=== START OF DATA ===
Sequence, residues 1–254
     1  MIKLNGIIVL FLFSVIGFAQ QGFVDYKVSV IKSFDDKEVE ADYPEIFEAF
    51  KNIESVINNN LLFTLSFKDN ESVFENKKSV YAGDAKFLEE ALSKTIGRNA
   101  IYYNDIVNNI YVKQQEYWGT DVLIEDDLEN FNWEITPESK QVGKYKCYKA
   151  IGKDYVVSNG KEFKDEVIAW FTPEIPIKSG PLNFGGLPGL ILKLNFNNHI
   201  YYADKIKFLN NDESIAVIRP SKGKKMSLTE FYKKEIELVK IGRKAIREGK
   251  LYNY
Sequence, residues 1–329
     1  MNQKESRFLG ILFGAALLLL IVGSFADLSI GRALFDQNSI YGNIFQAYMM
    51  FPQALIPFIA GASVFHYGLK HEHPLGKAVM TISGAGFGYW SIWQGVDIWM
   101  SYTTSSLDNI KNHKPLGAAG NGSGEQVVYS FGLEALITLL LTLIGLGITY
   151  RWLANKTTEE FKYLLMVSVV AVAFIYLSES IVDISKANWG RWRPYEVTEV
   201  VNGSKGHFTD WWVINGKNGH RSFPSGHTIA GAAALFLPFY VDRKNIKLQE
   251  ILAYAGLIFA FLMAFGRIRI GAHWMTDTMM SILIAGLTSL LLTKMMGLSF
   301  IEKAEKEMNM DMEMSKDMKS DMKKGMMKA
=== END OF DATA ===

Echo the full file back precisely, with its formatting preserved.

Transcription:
Sequence, residues 1–254
     1  MIKLNGIIVL FLFSVIGFAQ QGFVDYKVSV IKSFDDKEVE ADYPEIFEAF
    51  KNIESVINNN LLFTLSFKDN ESVFENKKSV YAGDAKFLEE ALSKTIGRNA
   101  IYYNDIVNNI YVKQQEYWGT DVLIEDDLEN FNWEITPESK QVGKYKCYKA
   151  IGKDYVVSNG KEFKDEVIAW FTPEIPIKSG PLNFGGLPGL ILKLNFNNHI
   201  YYADKIKFLN NDESIAVIRP SKGKKMSLTE FYKKEIELVK IGRKAIREGK
   251  LYNY
Sequence, residues 1–329
     1  MNQKESRFLG ILFGAALLLL IVGSFADLSI GRALFDQNSI YGNIFQAYMM
    51  FPQALIPFIA GASVFHYGLK HEHPLGKAVM TISGAGFGYW SIWQGVDIWM
   101  SYTTSSLDNI KNHKPLGAAG NGSGEQVVYS FGLEALITLL LTLIGLGITY
   151  RWLANKTTEE FKYLLMVSVV AVAFIYLSES IVDISKANWG RWRPYEVTEV
   201  VNGSKGHFTD WWVINGKNGH RSFPSGHTIA GAAALFLPFY VDRKNIKLQE
   251  ILAYAGLIFA FLMAFGRIRI GAHWMTDTMM SILIAGLTSL LLTKMMGLSF
   301  IEKAEKEMNM DMEMSKDMKS DMKKGMMKA